US singer Prince died from an accidental overdose of the painkiller fentanyl, medical examiners have found.
The report, from the Midwest Medical Examiner's Office in Minnesota, comes more than a month after the singer was found slumped in a lift at his home.
Detectives have already questioned a doctor who saw the 57-year-old twice in the weeks before he died.
Prescription painkillers were in the singer's possession following his death, officials told US media in May.
A police warrant has also revealed that Dr Michael Schulenberg prescribed medication to the singer on 20 April - the day before he died.
The warrant does not say what was prescribed or whether Prince took the drugs.
According to the autopsy report, Prince self-administered fentanyl, an opioid many times more powerful than heroin.
In March last year, the US Drug and Enforcement Administration warned the drug, which it said was often laced in heroin, was a "threat to health and public safety".
It said even small doses of fentanyl could be lethal and that "incidents" and overdoses related to the drug were "occurring at an alarming rate".
Prince was found unresponsive in a lift at his Paisley Park Studios on the morning of 21 April, local officials said. First responders tried to revive him with CPR but he was pronounced dead shortly afterwards.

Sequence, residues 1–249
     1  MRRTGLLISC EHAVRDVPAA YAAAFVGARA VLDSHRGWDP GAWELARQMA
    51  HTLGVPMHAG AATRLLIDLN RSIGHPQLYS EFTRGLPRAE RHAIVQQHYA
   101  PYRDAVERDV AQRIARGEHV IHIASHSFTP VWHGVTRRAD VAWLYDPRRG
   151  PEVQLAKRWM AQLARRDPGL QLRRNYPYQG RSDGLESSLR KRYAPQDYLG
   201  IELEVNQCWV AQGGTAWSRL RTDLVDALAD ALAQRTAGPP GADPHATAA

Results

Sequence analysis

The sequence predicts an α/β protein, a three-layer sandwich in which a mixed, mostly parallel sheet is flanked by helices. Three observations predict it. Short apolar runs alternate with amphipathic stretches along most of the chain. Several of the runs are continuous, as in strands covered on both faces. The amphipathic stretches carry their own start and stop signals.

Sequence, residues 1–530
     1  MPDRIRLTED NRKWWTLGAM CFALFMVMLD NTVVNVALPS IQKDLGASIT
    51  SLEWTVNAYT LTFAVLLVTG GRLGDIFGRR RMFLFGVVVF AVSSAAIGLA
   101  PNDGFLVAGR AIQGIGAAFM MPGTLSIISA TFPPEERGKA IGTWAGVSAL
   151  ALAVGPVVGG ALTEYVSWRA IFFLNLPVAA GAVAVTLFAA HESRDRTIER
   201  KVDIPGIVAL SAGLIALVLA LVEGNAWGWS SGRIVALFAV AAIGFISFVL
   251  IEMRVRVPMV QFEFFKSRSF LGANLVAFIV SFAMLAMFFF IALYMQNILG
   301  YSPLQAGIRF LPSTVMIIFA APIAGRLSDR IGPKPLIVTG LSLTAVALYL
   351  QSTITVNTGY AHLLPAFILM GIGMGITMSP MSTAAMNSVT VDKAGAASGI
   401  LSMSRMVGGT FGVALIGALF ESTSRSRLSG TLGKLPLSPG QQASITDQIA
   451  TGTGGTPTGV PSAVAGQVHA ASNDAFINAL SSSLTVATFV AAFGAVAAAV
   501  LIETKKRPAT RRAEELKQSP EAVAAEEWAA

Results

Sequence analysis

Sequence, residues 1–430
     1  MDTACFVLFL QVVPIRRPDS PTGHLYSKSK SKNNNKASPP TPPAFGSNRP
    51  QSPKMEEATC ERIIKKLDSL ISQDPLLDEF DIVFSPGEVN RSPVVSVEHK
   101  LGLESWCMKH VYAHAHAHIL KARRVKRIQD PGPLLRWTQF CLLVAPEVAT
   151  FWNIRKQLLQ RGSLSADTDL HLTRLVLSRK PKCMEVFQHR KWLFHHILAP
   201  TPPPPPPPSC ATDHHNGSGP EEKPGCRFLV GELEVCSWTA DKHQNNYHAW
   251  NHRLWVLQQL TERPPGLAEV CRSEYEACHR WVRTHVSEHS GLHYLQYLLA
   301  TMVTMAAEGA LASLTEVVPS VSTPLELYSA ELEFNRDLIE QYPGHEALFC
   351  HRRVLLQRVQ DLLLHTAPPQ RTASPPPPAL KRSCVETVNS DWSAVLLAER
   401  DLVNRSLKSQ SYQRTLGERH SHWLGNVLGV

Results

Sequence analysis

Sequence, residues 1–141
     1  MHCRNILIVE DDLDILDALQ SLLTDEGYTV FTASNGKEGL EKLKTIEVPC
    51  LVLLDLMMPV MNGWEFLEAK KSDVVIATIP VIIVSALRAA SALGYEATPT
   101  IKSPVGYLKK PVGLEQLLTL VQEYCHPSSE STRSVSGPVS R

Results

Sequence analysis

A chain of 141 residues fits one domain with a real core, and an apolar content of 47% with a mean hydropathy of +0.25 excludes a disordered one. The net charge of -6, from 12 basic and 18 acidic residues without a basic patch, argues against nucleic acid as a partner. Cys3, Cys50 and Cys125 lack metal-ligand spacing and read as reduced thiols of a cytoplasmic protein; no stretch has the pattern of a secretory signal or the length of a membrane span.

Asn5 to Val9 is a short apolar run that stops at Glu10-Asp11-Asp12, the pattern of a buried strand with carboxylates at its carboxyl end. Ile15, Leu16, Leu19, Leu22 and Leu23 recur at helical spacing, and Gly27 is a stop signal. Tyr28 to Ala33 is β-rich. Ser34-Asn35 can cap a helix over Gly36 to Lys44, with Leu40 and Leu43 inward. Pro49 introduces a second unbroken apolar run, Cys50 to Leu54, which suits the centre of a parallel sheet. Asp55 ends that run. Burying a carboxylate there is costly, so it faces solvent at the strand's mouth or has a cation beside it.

He is believed to have suffered from knee and hip pain from years of performing, the Associated Press news agency reports, citing a friend.
Artists from around the world and Prince's numerous fans later paid tributes to the star.
Prince was cremated in a private ceremony on 24 April. The singer's family are understood to be planning to stage a public memorial in August.
He was a prolific writer and performer from a young age, reportedly writing his first song when he was seven.
A singer, songwriter, arranger and multi-instrumentalist, Prince recorded more than 30 albums. His best known hits include Let's Go Crazy and When Doves Cry.
What is fentanyl?
Fentanyl is an extremely strong painkiller, prescribed for severe chronic pain, or breakthrough pain which doesn't respond to regular painkillers.
It is an opioid painkiller which means it works by mimicking the body's natural painkillers, called endorphins, which block pain messages to the brain.
It can cause dangerous side effects, including severe breathing problems.
The risk of harm is higher if the wrong dose or strength is used.